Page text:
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Mahleb is the fragrant ground kernel from the pit of the St. Lucie cherry. This aromatic, fresh, almond-like spice is called for in baking recipes from across the Mediterranean and Middle East. Known also as mahlab, mahaleb, mahleppi, and mahlebi, the key to the goodness of this spice is its freshness, which is very difficult to find.

A blue bowl filled with ground mahleb

Sour cherries are so delicious that I suppose it’s not so shocking that someone, somewhere deep in the past kept eating right past the bright red flesh and crunched away at the pit. There that adventurous eater discovered an almond-like flavor, a flavor reminiscent of the cherry but not precisely cherry, with a certain bitterness to boot.

What is mahleb?

Mahleb, is the kernel in the pit of sour or black cherries called for virtually only in baked goods. The ingredient is in recipes from across the Levant as mahlab, mahaleb, mahleppi, and mahlebi. Will your recipes suffer without it? Most of us who know the flavor of the spice would say yes. Soft, almond-like, distinctive.

Where do you buy mahlab?

Mahleb is used in such small amounts, and the key to this special ingredient is in its freshness. While grinding spices yourself typically releases the most fragrant, flavorful spice, with mahleb it is so very, very difficult to get fresh kernels. I purchase them again and again only to discover that they are stale and off-scent.

A fresh jar of ground mahleb spice is one of the pride and joys of my online shop. Fragrant, fresh ground spice–which is so unusual. This mahleb opened new mahleb worlds for me by demonstrating all that this delicate spice can be.

What does it taste like?

The powder is almost damp in its freshness, with a yeasty aroma that is the soul of a Lebanese sweet bread. Well, almost so—a few other special ingredients (think anise, clove) play a role too. But the mahleb flavor we love is almond, earthy, and incredibly gentle.

Mahleb kernels on a wood surface

How to store the spice.

There is no wavering on this point: store mahleb in the freezer and use from there. Any clumping of the powder is easily broken up for measuring.

Recipes using Mahlab

There are many recipes for Ka’ak, or ka’ik, sweet breads and cookies that include mahleb. Try my Lebanese Kaik Recipe, Molded Shortbread Ka’ik Cookies, and Date-filled Ka’ik.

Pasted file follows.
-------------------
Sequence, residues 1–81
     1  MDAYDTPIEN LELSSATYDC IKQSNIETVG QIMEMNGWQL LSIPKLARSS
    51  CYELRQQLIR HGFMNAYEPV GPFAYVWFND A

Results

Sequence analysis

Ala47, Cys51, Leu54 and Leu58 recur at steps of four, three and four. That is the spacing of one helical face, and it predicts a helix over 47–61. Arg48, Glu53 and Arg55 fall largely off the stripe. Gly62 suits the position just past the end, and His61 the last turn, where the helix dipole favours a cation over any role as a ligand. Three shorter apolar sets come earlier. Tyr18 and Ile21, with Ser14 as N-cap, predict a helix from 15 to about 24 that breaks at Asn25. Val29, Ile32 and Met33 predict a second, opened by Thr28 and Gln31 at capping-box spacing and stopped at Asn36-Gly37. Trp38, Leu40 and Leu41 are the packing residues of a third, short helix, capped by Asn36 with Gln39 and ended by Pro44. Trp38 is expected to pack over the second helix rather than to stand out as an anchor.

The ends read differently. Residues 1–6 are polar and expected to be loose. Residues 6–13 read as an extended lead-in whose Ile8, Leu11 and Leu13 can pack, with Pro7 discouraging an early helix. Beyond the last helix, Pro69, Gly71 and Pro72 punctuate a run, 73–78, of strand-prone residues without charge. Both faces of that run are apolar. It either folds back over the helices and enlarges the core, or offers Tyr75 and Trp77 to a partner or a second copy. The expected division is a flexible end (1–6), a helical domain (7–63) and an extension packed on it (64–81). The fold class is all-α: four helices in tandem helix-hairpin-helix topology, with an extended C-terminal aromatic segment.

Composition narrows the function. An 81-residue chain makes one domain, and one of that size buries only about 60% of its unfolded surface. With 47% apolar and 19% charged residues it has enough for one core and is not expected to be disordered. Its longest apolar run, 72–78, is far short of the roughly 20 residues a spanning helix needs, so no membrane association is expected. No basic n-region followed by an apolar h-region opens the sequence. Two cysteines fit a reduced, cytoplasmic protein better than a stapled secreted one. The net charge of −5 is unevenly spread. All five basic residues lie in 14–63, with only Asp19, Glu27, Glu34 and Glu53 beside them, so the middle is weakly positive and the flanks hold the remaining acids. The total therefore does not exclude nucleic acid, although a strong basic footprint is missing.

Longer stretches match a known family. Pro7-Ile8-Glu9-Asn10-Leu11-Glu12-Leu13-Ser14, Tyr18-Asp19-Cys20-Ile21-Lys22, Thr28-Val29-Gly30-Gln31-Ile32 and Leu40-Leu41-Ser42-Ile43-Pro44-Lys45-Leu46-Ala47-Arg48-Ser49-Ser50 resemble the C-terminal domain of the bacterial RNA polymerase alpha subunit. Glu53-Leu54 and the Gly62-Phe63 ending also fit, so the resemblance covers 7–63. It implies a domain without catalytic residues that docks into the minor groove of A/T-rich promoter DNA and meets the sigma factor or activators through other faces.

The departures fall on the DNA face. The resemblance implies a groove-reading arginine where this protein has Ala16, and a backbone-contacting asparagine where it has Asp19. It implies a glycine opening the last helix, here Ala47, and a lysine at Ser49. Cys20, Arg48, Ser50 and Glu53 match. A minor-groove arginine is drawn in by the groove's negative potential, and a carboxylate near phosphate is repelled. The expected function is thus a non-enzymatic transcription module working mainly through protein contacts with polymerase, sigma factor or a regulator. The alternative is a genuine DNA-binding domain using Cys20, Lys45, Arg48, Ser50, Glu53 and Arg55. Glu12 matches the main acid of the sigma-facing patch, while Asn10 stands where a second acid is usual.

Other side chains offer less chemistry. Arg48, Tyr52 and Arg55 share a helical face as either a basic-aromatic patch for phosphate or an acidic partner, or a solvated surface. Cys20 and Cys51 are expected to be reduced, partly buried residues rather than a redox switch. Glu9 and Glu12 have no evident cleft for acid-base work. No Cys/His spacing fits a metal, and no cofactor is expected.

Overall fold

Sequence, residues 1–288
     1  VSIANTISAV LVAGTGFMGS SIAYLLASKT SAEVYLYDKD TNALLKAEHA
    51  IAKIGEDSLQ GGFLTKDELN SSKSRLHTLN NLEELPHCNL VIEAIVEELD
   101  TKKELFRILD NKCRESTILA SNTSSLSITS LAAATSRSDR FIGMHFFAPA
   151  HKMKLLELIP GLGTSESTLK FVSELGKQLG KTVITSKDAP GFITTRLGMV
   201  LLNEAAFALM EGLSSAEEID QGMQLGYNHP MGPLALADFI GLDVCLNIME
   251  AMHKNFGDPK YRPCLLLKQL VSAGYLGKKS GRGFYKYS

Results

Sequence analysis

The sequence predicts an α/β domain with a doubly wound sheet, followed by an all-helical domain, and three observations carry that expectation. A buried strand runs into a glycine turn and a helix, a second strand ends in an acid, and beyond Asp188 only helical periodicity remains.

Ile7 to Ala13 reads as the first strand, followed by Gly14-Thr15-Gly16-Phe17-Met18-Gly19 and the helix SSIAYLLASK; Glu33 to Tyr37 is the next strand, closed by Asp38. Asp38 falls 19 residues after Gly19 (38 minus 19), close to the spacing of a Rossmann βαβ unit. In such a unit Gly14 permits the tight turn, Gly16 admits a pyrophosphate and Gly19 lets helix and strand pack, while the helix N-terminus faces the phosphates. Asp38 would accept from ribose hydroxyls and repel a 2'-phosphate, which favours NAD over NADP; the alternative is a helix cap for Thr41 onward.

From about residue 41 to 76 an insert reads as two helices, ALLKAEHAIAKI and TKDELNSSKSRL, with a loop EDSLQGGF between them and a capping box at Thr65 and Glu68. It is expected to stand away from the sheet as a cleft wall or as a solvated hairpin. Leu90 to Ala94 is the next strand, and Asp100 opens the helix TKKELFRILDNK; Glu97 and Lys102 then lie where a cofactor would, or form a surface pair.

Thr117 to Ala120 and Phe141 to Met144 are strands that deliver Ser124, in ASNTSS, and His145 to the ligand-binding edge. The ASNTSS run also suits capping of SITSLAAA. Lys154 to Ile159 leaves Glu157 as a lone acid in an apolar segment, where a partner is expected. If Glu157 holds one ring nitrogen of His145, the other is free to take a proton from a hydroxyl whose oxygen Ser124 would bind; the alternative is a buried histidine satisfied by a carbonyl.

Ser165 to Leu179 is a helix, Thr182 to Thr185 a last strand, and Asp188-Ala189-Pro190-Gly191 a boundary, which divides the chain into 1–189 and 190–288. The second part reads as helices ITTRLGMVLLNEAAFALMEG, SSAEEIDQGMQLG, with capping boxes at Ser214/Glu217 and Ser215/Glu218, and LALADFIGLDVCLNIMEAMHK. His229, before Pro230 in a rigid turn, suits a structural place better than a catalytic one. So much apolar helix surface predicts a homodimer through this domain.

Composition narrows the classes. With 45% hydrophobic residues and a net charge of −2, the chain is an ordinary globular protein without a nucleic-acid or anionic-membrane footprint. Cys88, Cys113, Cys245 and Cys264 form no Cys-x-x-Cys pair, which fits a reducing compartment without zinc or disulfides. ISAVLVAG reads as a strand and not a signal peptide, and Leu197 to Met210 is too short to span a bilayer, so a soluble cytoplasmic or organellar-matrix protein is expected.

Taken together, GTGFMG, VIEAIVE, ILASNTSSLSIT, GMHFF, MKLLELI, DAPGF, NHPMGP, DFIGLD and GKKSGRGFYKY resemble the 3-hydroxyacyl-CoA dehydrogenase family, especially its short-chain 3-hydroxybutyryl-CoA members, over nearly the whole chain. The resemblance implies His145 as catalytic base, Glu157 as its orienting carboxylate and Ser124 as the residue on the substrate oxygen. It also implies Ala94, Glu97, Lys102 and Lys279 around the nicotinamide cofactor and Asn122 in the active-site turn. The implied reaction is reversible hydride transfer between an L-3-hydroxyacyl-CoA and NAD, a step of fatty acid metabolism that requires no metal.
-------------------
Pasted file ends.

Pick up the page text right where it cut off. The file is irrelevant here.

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  1. Maureen,
    Living in Puglia (southern Italy) I find so many similarities with Lebanese ingredients and your recipes inspire me to give new life and taste to everday dishes….thanks! I have sour cherry trees (we have a masseria and I just finished off preserves, tarts etc and saved my seeds with the intention of making mahleb. Perhaps I’m in over my head….do you know of anywhere I can find guidelines (harvest immediately or let dry, cracking suggestions, storage etc). Grazie! cynthia

  2. Love this kaik series–just bought my first mold! Now this cherry pit thing…since I haven’t seen the recipe yet I’m a bit tentative to buy a bag. How much is a little? And, when you say “black” cherry, do you mean bing-type? Or is there a specific Lebanese-typed cherry called the “black cherry”? I ask this specifically because I wonder if I could also harvest my own cherry pits? I’d love such resourcefulness.

    1. We use 1 tablespoon for a “small” batch (1 1/2 dozen) of ka’ik. The cherry variety is referred to as sour cherry but also black cherry (no specificity for varietel) in some resources. I have never harvested my own mahleb and don’t know anyone who has, but it would be interesting to try–especially up north here in Michigan with all of the cherries! Be sure to get to the kernal of the pit and not the whole pit.

  3. Maureen,

    I came across your website while looking for a shish tawook recipe. I want to say thank you for providing me with not only delicious, wholesome recipes that I feed to my 3 year-old daughter but also thank you for the inspiration that your website gives me. I find all of your tips helpful, all of your writings riveting, and all of your photos beautiful. The whole website is a work of art.

    Thanks again!

  4. Maureen, I love your posts. Always so intriguing and warm.
    Mahleb is always one of the big surprises in our spice tasting classes- once we grind it, the students can’t get enough of the aroma!

  5. I’m so glad you wrote about this, Maureen. Believe it or not, I have some in my pantry. We have a wonderful well-stocked Mediterranean grocery nearby where I can find mahleb and all sorts of other goodies. It makes sense that the cherry pit would have that slightly bitter almond flavor, as almonds and cherries are in the same family. Cheers, and wishing you a Happy Easter.